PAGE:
The Montreal Marxist Winter School has become the biggest Marxist meeting in Canada, but this year's event was something special. There was record attendance at the school, with close to 230 people participating. People were present from Ontario, Quebec, Alberta, British Columbia, Mexico, France, Britain and Switzerland. Two hundred years after Karl Marx’s birth, the 2018 Marxist Winter School has shown that Marxist ideas are advancing across the board.

In the past few days, the level of repression, intimidation and blatant authoritarianism exercised by the rotten Spanish ‘78 regime has reached unprecedented levels. It is enough to make one’s blood boil. On 20 February, Communist rapper Valtonyc was sentenced to three years and six months in prison for "lèse majesté" (insulting the crown) and “glorifying terrorism” in the lyrics of one of his songs.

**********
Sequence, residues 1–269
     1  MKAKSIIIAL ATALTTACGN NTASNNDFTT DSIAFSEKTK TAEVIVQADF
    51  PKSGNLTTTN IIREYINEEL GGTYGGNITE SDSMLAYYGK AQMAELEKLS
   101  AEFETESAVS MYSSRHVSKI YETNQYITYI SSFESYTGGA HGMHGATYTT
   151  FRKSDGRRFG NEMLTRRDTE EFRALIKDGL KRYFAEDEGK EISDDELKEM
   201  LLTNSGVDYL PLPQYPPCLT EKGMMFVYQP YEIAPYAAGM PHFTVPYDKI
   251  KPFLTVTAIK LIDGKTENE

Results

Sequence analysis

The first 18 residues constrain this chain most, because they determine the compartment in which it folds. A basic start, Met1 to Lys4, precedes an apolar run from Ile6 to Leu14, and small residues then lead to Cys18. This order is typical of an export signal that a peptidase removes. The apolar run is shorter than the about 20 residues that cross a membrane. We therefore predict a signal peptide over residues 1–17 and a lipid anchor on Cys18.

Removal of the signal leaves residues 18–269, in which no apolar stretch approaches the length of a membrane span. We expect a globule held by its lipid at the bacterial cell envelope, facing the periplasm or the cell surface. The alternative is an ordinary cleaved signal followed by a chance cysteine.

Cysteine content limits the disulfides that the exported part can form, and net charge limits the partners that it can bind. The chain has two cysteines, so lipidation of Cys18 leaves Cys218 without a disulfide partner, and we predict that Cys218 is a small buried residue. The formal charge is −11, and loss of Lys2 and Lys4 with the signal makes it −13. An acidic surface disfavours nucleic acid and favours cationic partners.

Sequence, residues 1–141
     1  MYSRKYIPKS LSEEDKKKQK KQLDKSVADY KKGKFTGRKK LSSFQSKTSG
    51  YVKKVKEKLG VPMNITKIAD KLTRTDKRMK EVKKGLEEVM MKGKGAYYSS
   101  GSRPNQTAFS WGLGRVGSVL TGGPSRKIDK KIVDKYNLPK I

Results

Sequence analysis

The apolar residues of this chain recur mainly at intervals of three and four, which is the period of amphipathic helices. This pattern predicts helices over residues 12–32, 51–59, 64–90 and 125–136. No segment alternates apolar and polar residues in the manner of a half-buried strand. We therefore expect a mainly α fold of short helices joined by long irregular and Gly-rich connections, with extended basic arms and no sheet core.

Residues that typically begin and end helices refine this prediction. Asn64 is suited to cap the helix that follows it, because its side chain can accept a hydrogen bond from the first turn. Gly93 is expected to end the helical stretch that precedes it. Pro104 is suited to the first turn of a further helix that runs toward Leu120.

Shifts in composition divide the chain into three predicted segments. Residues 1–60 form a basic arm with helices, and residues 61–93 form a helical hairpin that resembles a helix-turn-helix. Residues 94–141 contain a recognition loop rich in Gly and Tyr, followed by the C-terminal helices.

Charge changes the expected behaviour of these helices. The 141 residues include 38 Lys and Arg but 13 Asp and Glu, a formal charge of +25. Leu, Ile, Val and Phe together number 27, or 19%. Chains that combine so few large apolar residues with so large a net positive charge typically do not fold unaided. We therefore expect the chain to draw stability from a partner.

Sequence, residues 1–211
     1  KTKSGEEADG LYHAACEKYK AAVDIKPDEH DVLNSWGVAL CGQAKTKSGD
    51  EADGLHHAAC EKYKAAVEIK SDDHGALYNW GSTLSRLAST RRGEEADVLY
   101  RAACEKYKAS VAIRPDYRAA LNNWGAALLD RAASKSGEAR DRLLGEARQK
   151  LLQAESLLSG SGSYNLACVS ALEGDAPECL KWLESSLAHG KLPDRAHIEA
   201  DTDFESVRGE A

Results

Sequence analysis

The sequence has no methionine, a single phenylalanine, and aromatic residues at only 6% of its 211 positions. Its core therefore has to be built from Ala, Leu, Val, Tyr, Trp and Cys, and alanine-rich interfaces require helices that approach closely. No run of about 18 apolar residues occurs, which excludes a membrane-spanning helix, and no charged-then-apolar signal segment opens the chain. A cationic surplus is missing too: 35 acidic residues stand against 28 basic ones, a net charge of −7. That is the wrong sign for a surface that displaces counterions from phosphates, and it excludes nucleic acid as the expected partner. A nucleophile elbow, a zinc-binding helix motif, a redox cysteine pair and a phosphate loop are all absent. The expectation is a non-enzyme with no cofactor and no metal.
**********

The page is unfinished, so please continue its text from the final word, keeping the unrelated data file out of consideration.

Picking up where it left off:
A wave of optimism has swept across South Africa since Jacob Zuma resigned as president of the country last Wednesday. There was a collective sigh of relief that the 9-year scandal-ridden presidency of Zuma was finally over. Middle-class commentators said that a ‘new dawn’ has arrived. But Marxists have explained many times that the crisis facing South Africa is not that of an individual, a single political party nor one section of the ruling class. The political crisis is only an expression of the crisis of the capitalist system as a whole. And as long as the system survives, changes at the top will not result in changes of anything fundamental.